[gnso-wpm-dt] WPM: Summary of 16 Feb 2010 Session (Step 6-In Progress)
- To: <gnso-wpm-dt@xxxxxxxxx>
- Subject: [gnso-wpm-dt] WPM: Summary of 16 Feb 2010 Session (Step 6-In Progress)
- From: "Ken Bour" <ken.bour@xxxxxxxxxxx>
- Date: Tue, 16 Feb 2010 17:49:45 -0500
WPM Team Members:
I apologize once again for a longish email summary, but I attempted to
capture the decisions made during our teleconference today, 16 Feb 2010 and,
also, to flesh out some of the discussions that remained unresolved as our
time expired. Ultimately, we are going to need a record of our
deliberations and I find that this writing process helps me congeal my own
thinking. In preparing each of these reports, short and long, I frequently
research earlier summaries to recall what was said/done and, in many
instances, I end up consolidating material in an effort to sustain forward
progress. Although this approach produces more written material to digest;
hopefully, you will agree that there is "method in the madness."
Following my normal procedure, I will create a 2nd email to include the
Agenda Topics and Action Items for our next session scheduled for 23 Feb
2010 (1700 UTC). Since there may be an opportunity to make progress via the
email list on some/all of the questions contained below, I will wait for
several days before compiling the separate email of agenda topics.
1) Project Criteria Definitions: Definitions for Value and Difficulty
approved as drafted in Ken's 14 Feb email.
2) Step 6 Analysis/Questions:
a) Rank order ties will be permitted. If Council needs to decide (for
any reason) between one or more tied projects, then it will rate each
project's "Difficulty" as defined by the WPM team employing a process
similar to the one used for rating Value.
b) Frequency: a formal prioritization rating session (all relevant
projects) will be conducted 3 times per year at ICANN meetings. The team
noted that a face-to-face working session may facilitate using the Delphi
group ratings approach. Specific methodology issues/questions are taken up
in (f) below. [KB Note: Chuck and I had an email exchange on the list
regarding the "political morale" question, which included the possibility of
creating a new exemption category (or two). I had that email ready for
discussion today, but we did not have sufficient time. May I suggest that
others register your thoughts in the intervening week, if you have an
opportunity? If we do not resolve that question via the list, I will add it
to the Action Items for next time.]
c) New Projects: when a new project arises, the Chair will assess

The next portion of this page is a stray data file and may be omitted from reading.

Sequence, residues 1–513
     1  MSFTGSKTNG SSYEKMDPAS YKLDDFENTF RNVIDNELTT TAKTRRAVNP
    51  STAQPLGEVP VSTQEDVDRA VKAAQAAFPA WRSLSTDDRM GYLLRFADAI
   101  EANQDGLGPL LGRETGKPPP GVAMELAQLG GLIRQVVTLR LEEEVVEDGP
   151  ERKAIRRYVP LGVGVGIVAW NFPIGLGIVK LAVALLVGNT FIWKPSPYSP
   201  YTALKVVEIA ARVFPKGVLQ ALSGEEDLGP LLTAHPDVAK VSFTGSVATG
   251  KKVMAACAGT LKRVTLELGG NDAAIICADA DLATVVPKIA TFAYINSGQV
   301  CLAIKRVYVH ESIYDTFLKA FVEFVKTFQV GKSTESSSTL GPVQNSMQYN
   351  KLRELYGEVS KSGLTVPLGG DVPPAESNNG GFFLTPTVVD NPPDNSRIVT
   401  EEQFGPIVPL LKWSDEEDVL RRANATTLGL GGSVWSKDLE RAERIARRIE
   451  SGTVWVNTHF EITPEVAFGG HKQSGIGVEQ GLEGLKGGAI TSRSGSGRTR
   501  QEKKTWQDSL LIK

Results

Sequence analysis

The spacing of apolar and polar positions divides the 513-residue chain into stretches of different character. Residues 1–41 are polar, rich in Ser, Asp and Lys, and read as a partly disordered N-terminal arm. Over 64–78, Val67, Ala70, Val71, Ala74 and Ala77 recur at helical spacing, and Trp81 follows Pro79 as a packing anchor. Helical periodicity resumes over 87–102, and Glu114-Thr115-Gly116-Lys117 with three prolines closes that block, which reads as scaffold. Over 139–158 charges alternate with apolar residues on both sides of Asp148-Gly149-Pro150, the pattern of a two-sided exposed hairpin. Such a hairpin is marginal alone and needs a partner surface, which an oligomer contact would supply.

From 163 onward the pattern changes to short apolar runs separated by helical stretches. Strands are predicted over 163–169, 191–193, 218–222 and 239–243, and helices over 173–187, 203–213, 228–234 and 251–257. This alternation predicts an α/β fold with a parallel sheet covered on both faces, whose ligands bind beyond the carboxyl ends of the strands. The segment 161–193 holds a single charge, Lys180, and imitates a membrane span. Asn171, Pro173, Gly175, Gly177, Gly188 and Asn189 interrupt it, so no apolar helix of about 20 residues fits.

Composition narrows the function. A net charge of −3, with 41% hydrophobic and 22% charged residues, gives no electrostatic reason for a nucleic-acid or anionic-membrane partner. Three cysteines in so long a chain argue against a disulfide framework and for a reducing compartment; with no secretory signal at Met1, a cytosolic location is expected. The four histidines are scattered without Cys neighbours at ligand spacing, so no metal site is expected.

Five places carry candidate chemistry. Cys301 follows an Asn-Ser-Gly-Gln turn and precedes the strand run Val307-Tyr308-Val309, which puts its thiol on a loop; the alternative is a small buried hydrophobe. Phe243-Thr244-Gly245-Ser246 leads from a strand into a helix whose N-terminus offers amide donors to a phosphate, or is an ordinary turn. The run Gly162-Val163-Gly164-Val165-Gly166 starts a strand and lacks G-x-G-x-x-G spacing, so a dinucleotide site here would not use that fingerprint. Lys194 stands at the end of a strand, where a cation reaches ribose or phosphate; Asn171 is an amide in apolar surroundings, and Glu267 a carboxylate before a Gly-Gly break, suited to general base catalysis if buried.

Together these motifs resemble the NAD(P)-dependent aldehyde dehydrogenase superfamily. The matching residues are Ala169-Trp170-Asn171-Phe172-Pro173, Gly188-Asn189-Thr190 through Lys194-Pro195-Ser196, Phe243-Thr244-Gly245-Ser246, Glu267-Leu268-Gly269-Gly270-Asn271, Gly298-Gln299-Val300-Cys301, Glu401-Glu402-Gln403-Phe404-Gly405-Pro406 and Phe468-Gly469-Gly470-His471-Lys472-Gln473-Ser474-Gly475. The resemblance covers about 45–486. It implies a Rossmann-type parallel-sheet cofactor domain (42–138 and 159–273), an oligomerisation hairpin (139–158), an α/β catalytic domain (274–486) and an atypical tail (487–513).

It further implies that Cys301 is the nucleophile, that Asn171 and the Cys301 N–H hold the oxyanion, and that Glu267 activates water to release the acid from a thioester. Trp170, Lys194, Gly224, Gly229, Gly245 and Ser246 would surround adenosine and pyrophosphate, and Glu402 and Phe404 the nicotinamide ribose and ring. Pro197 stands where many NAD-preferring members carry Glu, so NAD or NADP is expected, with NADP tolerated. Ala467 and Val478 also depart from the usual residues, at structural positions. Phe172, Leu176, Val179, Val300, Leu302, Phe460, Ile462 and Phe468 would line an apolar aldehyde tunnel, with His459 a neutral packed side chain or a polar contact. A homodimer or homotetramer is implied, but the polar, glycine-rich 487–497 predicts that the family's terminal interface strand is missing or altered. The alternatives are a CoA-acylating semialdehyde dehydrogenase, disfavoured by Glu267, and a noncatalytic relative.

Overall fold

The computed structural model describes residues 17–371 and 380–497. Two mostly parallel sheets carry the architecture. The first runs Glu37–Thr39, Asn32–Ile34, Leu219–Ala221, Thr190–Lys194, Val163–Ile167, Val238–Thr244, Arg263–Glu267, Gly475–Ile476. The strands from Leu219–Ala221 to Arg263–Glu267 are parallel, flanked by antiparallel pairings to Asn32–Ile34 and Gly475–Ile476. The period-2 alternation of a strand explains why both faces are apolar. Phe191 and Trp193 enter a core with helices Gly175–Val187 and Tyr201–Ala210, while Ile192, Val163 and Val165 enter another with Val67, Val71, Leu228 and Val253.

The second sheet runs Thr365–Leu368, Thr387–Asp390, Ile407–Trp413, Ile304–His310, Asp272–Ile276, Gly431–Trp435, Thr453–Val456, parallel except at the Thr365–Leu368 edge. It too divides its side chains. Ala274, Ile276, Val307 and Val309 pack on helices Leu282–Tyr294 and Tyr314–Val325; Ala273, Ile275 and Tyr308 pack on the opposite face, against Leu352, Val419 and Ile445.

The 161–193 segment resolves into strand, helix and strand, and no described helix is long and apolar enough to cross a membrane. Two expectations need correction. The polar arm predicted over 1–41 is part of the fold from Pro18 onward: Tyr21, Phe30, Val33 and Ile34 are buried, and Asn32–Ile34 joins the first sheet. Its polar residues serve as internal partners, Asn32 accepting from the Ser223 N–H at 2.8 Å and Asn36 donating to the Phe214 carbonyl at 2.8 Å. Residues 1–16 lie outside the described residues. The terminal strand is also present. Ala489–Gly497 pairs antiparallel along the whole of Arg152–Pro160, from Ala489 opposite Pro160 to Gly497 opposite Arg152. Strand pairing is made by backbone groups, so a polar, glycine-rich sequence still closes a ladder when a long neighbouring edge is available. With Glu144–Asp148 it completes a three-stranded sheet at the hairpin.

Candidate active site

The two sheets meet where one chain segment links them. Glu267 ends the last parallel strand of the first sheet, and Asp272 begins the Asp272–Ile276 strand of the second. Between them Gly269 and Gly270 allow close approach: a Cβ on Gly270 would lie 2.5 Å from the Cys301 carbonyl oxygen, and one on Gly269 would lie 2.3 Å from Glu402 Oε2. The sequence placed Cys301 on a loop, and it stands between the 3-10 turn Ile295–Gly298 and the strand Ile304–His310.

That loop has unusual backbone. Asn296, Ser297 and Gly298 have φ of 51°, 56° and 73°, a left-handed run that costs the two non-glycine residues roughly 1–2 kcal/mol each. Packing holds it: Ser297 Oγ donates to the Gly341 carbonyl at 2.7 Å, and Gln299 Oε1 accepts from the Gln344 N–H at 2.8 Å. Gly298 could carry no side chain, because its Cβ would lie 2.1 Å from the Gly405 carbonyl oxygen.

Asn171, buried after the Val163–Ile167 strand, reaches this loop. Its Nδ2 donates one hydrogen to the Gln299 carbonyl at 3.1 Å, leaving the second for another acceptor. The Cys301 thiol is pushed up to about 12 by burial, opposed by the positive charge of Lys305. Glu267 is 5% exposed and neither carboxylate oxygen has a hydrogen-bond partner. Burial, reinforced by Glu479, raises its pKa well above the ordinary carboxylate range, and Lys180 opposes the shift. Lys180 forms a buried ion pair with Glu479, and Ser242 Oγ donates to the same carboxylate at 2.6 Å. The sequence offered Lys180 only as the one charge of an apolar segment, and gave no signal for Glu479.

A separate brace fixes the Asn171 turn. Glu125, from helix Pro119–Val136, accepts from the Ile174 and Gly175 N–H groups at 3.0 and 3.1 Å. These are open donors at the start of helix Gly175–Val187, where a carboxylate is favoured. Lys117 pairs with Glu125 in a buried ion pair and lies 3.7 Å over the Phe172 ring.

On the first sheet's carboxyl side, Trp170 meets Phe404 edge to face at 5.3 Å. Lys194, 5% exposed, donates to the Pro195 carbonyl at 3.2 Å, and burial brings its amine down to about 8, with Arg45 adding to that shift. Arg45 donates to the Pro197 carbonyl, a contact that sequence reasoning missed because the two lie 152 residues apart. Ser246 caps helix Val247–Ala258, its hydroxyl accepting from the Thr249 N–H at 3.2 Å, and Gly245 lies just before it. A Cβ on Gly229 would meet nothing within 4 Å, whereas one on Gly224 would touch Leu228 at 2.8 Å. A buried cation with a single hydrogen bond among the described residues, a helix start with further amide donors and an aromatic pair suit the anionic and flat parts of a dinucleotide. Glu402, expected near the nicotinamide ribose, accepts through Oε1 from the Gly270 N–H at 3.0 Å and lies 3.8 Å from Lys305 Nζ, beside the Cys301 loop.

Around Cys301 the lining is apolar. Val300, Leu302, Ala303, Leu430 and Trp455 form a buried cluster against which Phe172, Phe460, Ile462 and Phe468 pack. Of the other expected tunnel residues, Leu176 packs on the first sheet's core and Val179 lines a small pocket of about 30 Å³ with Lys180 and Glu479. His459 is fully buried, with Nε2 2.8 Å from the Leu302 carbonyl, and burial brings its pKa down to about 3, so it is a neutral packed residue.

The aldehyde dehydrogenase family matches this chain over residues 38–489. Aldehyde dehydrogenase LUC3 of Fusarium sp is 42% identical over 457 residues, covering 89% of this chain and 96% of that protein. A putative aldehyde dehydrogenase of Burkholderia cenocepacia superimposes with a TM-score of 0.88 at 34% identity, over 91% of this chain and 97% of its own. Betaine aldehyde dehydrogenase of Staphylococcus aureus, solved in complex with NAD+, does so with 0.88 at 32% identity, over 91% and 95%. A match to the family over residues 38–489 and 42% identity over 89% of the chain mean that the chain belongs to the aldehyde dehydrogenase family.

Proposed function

whether it can be addressed effectively by the Council (see d below) without
requiring that an official Value rating be determined. If a specific
rating/ranking is deemed necessary to proceed with the Council's management
responsibilities, then the Chair will call for the new project to be
formally rated before further action is taken; otherwise, that project will
be officially prioritized at the next scheduled session (e.g. next ICANN
d) New Project Questions: the following questions were slightly
modified per today's discussion and are repeated to give the team another
look at them.
o Should this new project be undertaken, that is, have resources assigned
to accomplish a particular objective?
o What resource types, skills, and quantities are needed to adequately
staff this project?
o Are there sufficient resources (Staff and Community) available without
causing adverse impacts to other project work in progress? If not, should
any other project work be stopped or postponed?
o Should this new project have a date/deadline imposed, thus establishing
urgency? If it is determined to be urgent, can any real consequences be
identified that will cause the date to be perceived and treated as critical?
e) Project Status Changes: as noted in b above, updates will be
officially recognized and captured 3 times per year as reflected in the
Value ratings assigned. Status changes will also be considered when new
projects are evaluated (see c-d above). If, at any other time, conditions
warrant a formal reevaluation, the Chair may make such a recommendation to
the Council. [KB Question: does this mean that the Chair can call for
another prioritization exercise in between scheduled sessions? If not, I am
not sure how these "status changes" would be captured or reflected. The
team has not created any recording process, yet, for status changes other
than the actual Value ratings.]
f) Methodology: several alternatives were briefly discussed as
today's call came to a conclusion. I will attempt to summarize 4 Options
below including pros/cons as I perceive them. Please feel free to
add/change/delete any of the advantages or disadvantages. The options are
not presented in any order of importance or significance other than how they
occurred to me as I began sketching them.
Each Council member rates all projects individually in advance (e.g.
spreadsheet template); then a single Council Delphi session is held with all
members participating. Process would include looking for mathematical
consensus, e.g. Std Dev<1.0 or Range<=2, ahead of the group session. With
20 raters, I think it may be statistically unlikely, but it could happen.
Staff facilitates an Adobe Connect session using the polling feature and
blind voting. The polling process ends when all individual scores occupy no
more than 3 adjacent ratings or Range<=2 (e.g. 4, 5, 6 or 2, 3, 4); the
median becomes the final rating.
. After one single iteration, all projects are rated and, thereby,
ranked (ties permitted).
. Prioritization occurs through group deliberation with all
viewpoints expressed and heard by everyone.
. If successful, this process should result in a high level of